On rock collectors…and the brave new world of paleoaudiology

Editor’s Note: The following letters and photos were submitted to HR on April 1 by Marshall Chasin, MSc, who runs Musicians’ Clinics of Canada in Toronto. The entry includes an emailed response to Chasin from Wayne Staab, PhD, president of Dr. Wayne J. Staab & Associates in Phoenix. As readers will quickly surmise, HR does not expect anthropologists or the Leakey family to be contacting these two otherwise sane and talented audiologists any time soon…

Research in 2001 by Killion & Mueller suggests that hearing aids may be much older than initially suspected. In fact, newly unearthed findings suggest that some technologies may, indeed, be quite dated.

Fig. 1 (a GIF file showing rocks, or in this case, a GIFROC) exhibits fossilized remains of two types of hearing aids that may have been worn by our ancestors. The specimen on the left is clearly a CIC hearing aid which certainly predates those reported by Staab et al. The removal cord is missing, indicating that the fossil is probably older than the life-span of nylon. Of interest is that the receiver tubing of the CIC specimen is completely blocked, and this is consistent with some of the more modern CIC hearing instruments. No fossilized remains of batteries or a battery door were found at the excavation sites, suggesting that these hearing aids may have been solar powered.

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Fig. 1a-b. GIFROC image of relics that are obviously a fossilized CIC (left) and a full-shell ITE instrument (right).

The full-shell specimen in Fig. 1 (found at the Lake Superior site by the author’s daughter, Meredith) has well- defined markings on the faceplate (not shown). Ultra-violet examination reveals the writing to be “Rockstone 001”—a hearing aid not mentioned by Kenneth Berger in his book, History of Hearing Aids. Again, no fossilized battery remains were discovered, supporting the solar-powered conjecture.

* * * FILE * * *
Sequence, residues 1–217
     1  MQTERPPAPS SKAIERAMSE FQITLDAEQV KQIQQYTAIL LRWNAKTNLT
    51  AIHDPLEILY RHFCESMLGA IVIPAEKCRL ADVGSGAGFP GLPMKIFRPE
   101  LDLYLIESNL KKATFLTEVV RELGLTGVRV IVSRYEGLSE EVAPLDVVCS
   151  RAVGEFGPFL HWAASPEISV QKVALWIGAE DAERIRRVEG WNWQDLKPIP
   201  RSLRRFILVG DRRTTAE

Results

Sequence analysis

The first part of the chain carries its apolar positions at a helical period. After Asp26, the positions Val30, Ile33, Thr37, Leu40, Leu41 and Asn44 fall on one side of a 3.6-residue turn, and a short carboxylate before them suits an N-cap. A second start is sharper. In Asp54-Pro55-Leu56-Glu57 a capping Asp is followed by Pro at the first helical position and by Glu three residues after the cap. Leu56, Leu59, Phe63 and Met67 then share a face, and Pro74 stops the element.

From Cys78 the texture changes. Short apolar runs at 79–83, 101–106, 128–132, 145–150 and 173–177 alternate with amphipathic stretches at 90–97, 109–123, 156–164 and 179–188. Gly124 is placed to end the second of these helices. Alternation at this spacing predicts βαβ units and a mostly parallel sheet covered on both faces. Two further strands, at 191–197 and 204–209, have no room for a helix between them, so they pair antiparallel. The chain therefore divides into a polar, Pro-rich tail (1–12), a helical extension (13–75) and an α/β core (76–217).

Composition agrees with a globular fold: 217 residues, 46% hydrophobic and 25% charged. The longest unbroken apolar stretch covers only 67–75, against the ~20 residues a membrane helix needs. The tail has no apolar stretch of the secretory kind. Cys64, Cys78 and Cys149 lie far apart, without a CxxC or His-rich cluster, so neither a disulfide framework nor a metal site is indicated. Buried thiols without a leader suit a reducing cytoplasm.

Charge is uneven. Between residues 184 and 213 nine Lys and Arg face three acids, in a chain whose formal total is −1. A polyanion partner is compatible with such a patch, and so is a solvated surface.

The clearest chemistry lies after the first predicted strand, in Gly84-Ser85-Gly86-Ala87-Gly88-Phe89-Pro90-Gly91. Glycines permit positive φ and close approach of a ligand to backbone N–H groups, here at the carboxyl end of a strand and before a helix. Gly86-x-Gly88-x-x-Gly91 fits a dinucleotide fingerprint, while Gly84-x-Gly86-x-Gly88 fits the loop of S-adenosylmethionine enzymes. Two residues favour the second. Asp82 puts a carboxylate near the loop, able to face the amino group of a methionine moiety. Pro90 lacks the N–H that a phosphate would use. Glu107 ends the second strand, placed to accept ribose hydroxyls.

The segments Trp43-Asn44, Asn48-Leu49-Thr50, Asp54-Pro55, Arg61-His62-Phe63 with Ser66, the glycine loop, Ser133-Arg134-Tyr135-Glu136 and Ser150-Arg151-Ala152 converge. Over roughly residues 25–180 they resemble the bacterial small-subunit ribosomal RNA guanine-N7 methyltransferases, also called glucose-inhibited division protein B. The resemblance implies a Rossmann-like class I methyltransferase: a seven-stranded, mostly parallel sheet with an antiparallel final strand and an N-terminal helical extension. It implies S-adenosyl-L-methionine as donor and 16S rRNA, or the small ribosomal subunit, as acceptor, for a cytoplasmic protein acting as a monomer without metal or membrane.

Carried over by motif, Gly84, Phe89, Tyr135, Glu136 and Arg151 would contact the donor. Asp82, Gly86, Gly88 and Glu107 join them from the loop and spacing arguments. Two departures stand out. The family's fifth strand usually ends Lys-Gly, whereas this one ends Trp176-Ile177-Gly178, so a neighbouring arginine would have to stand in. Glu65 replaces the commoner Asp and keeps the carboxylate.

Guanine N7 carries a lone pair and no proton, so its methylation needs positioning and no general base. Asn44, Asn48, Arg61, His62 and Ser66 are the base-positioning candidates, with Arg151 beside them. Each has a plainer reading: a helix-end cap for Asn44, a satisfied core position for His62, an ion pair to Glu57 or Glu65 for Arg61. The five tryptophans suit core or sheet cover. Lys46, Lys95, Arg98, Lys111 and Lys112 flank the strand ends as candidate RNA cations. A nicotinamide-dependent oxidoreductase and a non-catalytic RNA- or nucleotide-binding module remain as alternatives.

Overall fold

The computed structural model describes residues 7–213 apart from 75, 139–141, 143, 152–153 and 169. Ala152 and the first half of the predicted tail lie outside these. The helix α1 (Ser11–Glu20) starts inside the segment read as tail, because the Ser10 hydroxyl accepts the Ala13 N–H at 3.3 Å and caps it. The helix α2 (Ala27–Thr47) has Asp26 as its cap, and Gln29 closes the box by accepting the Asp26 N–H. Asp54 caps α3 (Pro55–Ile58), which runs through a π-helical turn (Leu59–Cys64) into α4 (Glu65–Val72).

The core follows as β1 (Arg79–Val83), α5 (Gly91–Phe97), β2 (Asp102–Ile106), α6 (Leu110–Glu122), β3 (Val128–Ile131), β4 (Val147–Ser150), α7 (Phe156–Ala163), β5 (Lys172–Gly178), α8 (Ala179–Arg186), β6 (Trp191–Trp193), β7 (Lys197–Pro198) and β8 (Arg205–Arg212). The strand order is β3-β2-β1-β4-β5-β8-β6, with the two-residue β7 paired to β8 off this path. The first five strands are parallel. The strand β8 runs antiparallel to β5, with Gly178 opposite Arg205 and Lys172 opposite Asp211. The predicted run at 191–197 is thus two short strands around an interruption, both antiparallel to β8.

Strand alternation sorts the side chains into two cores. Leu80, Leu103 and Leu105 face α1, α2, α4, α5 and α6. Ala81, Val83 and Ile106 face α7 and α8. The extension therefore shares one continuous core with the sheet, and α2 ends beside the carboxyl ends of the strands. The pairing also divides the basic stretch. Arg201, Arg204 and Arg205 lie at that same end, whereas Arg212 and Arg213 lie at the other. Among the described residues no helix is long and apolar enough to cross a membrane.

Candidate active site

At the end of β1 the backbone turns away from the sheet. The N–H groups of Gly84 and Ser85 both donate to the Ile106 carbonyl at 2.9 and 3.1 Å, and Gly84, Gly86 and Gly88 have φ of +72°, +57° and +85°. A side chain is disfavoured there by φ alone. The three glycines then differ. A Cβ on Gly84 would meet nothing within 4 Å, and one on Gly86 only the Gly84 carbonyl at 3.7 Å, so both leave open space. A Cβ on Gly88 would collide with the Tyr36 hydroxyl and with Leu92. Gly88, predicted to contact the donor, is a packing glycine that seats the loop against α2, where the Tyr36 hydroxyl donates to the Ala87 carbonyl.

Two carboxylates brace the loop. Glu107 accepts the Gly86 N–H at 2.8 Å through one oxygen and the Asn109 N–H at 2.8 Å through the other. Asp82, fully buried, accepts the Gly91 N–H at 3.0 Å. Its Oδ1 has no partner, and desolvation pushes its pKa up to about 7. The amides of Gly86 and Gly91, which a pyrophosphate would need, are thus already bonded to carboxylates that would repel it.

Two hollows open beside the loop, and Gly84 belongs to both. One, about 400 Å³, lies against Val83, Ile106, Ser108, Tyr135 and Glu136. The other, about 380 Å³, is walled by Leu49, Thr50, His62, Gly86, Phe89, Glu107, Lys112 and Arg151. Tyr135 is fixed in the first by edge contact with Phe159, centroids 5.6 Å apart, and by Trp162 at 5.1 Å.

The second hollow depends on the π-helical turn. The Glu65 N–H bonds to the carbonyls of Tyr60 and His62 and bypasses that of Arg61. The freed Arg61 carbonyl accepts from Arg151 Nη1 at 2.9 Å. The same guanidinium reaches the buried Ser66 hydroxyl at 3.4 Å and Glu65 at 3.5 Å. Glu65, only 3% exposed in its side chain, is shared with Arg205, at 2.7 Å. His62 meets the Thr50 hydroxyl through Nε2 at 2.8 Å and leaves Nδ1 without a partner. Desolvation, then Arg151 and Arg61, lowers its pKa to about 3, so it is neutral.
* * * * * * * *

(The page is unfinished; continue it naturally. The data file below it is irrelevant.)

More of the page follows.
A less plausible explanation is that these specimens are not hearing aids, but are custom hearing protection. Indeed, the full-shell fossil has an NRR of 12 dB. It is known, from my own work with musicians, that cavemen liked music—especially if it included drums. The cavemen may have been very conscious of protecting their hearing. In fact, there is some support among my colleagues for the theory that the full-shell specimen is a distant ancestor of the ER-15 earplug. Etymotic Research, however, has declined to comment.

Our team is currently excavating another unusual finding, which may turn out to be either a fossilized probe microphone or a suitcase. More on this as it develops.

— Marshall Chasin, MSc, Toronto

Commentary from Wayne Staab, PhD:
Interesting perspective. The lack of a battery drawer could suggest that these specimens were solar powered hearing aids or even earplugs. On the other hand, the explanations could be figments of overzealous exploration. Do we even know that early ancestors heard?

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Fig. 2a-b. JPEGEAR images of a relic collected by Staab which is obviously a fossilized human auricle .

In support, I am submitting some of my own “ear-related” findings (Figs. 2a-b) from an Arizona “dig” questioning the suggestions that the referenced objects were fossilized hearing aids. The ear is consistent with the differences in body size structure of early man (about 50% of a contemporary human ear). Notice that the fossilized ear (GIFEAR, or in this case JPEGEAR) in Fig 2a has only a couple of small openings in an area approximating the ear canal. When the “ear” is turned over (it was obviously severed by a sharp instrument, most likely during a skirmish with a warring clan), no opening exists (Fig. 2b).

The lack of an ear canal suggests that hearing may have developed over time, and possibly the reason some forms of early hominids became extinct is because they did not have hearing to realize when they were in danger! Or, it might be argued that this was merely a case of atresia, lending support to an assumption that there must have been outer ear defects even during prehistoric days, and the subject was victimized because of a lack of hearing (more support for “use it or lose it” theorists).

Or, did the tribes that used the GIFROC instruments win out over tribes having no hearing because they had this sense—albeit aided? And, did the GIFROC ancestors later become extinct themselves if these devices were used as earplugs, resulting in “selective hearing?” All very interesting questions…

—Wayne J. Staab, PhD
Phoenix